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Indians

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Current Student
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Status: Can't wait for August!
Joined: 13 Sep 2011
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Location: United States (MA)
Concentration: Marketing, Strategy
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Re: Indians [#permalink] New post 15 Jun 2012, 04:36
macjas wrote:
I think that for the most part the idea that Indians are good at math is inaccurate. A small percentage of Indians do go abroad (usually these are the bright kids anyway) and I think this may be the reason why so many people think that Indians are generally good at math. I mean, I'm Indian and I think I'm about average. But there is a certain truth about the schooling system; it is very science focused (you won't find too many high schools with drama or jazz band!)


What do you consider average?

Lets put it this way, in the US there are many undergrad universities that offer workshops for pre-algebra(or math review). Students get through high school, and do so poorly on a math placement test that they prove they arent not even ready for algebra level math at the age of 18, BUT are still accepted to college...

Although this case is below average, its not that rare that an American will start college with very limited math skills, and graduate without a grasp on simple statistics and calc. Math education in the US is sub-par, which is why there are so many Indian engineers here. There's a gap in our education system that India has a more focused approach to.
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Re: Indians [#permalink] New post 15 Jun 2012, 05:01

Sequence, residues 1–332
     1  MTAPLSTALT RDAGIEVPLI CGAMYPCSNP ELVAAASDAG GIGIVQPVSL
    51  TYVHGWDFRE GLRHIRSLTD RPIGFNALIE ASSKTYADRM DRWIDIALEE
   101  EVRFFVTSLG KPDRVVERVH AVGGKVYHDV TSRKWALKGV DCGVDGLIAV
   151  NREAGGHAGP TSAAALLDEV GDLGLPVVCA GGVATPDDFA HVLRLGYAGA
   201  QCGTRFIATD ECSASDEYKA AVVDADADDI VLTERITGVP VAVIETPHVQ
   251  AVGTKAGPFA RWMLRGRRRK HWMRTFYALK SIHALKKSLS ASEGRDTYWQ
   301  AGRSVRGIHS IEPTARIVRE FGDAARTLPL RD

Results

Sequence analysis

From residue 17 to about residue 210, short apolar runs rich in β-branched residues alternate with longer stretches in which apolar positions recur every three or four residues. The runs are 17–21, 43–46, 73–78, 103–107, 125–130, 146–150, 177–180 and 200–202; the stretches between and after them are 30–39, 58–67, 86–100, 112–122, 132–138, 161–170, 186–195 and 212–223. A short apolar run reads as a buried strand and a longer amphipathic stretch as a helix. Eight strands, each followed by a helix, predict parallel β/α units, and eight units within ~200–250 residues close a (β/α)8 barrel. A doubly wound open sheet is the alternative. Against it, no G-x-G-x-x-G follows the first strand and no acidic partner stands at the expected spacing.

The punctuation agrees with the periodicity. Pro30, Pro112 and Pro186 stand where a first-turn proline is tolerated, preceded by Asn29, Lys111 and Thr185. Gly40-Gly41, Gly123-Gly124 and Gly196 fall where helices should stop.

highwyre237 wrote:
macjas wrote:
I think that for the most part the idea that Indians are good at math is inaccurate. A small percentage of Indians do go abroad (usually these are the bright kids anyway) and I think this may be the reason why so many people think that Indians are generally good at math. I mean, I'm Indian and I think I'm about average. But there is a certain truth about the schooling system; it is very science focused (you won't find too many high schools with drama or jazz band!)


What do you consider average?

Lets put it this way, in the US there are many undergrad universities that offer workshops for pre-algebra(or math review). Students get through high school, and do so poorly on a math placement test that they prove they arent not even ready for algebra level math at the age of 18, BUT are still accepted to college...

Although this case is below average, its not that rare that an American will start college with very limited math skills, and graduate without a grasp on simple statistics and calc. Math education in the US is sub-par, which is why there are so many Indian engineers here. There's a gap in our education system that India has a more focused approach to.


I think you rightly point out that simply stating average in my case might be misleading. I guess when I said I was average I was comparing myself to my schoolmates in India and the US so even though I may be average in this set my math skills/level may be considered above average nation wide (both US & India), considering I went to a good high school (International Baccalaureate) and college. I spent 7 years in the US (4 years in college and 3 years working; I moved back two years ago). During my senior year in college, I volunteered at the local middle school (in WA) as a teaching assistant and student mentor and I did notice that the level of math was way low compared to what kids in India study at those grade levels.

But, what I was trying to point out is that if you compare the math level per capita (if there is such a parameter!) between the US and India I suspect that the US will win hands down because of the high literacy rates. However, the proportion of kids who do get a decent education in India is probably way higher than that of kids in the US which may mislead people into thinking that Indians OVERALL have better math skills than Americans. Also the typical Indian that you will come across in the US is in all likelihood will probably have a decent education and is unrepresentative of the total Indian population.
Re: Indians   [#permalink] 15 Jun 2012, 05:01
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